"He was playing his maturity to his game, and should be, as he has grown as a player at Michigan," Beilein said. "And that's one of those next steps is that he has always been good in tough situations. But at the same time, when you're coming back and playing the Purdues and the Indianas, or playing here in Indianapolis, there's a little bit more on you, and I think he understands it much better than he might have done over the last couple of years.
"This is what it's going to be. If I'm going to be a good player, I need to be able to respond in these things, and I will respond during this type of environment."
Michigan has found it to be a difficult task playing consistently on the defensive end all season long, but Thursday, the Wolverines were up to the challenge.
Northwestern shot just 36.8-percent from the field for the game, including an unseasonably cool 8-for-32 in the first half alone.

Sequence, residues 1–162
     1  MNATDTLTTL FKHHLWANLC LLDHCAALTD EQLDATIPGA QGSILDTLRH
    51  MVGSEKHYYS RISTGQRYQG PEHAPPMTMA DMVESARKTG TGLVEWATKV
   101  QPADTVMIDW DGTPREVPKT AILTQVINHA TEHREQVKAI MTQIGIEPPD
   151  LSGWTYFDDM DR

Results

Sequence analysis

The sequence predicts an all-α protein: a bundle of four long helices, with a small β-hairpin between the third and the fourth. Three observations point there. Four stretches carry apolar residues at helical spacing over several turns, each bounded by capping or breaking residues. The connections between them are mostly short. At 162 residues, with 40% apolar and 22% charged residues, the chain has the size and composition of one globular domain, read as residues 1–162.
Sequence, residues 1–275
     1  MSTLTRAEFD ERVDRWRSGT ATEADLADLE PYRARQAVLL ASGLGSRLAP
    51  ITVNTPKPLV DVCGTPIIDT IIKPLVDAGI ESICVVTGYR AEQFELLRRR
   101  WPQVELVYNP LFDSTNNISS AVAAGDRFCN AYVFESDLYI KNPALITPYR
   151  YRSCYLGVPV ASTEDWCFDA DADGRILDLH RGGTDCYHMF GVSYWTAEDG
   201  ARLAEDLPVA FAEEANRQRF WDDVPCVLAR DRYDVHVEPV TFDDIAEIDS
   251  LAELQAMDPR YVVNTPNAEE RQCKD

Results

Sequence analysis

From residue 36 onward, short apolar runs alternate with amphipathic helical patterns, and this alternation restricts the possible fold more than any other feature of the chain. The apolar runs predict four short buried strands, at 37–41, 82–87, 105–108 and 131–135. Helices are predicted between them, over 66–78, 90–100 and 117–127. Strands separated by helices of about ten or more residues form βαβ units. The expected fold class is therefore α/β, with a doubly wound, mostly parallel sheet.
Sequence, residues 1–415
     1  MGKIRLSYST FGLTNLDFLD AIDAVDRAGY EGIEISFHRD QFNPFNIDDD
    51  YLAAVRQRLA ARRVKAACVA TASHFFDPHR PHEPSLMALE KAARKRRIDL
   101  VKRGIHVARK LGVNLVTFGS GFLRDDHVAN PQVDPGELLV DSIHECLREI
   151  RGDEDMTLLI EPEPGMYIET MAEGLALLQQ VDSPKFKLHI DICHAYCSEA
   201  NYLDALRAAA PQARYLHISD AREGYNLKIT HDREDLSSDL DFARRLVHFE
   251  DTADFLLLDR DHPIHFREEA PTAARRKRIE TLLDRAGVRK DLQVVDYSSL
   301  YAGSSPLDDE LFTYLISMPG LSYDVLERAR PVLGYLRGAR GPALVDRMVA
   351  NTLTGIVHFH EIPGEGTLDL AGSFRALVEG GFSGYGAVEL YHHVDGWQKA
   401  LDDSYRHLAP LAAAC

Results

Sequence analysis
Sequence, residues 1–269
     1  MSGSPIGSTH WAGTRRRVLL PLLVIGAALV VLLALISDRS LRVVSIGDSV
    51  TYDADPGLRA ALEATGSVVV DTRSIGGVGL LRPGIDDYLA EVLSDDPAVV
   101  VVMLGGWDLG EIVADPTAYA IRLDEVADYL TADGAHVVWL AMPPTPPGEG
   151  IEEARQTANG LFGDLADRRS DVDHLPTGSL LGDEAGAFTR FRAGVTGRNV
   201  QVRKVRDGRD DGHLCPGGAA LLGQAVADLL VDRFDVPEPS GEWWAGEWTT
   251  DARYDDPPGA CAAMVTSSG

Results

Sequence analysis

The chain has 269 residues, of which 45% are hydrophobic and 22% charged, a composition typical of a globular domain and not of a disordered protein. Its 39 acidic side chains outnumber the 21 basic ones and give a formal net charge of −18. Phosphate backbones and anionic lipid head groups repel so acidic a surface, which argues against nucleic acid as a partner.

"Our defense was exceptional," Beilein said. "We have been giving up about five or six extra easy baskets a year, and that's really led to one of the highest defensive field-goal percentages we have ever had.
"And we showed that up today and did a great job against a team that has a lot of ways to score the ball. (Tre) Demps can get 30, right. (Bryant) McIntosh, a brilliant point guard. And then Olah has become a really good player."
Michigan advances to the quarterfinals of the Big Ten Tournament Friday against top seeded Indiana, tipping off at noon. With a win, the Wolverines could solidify a spot in the NCAA tournament.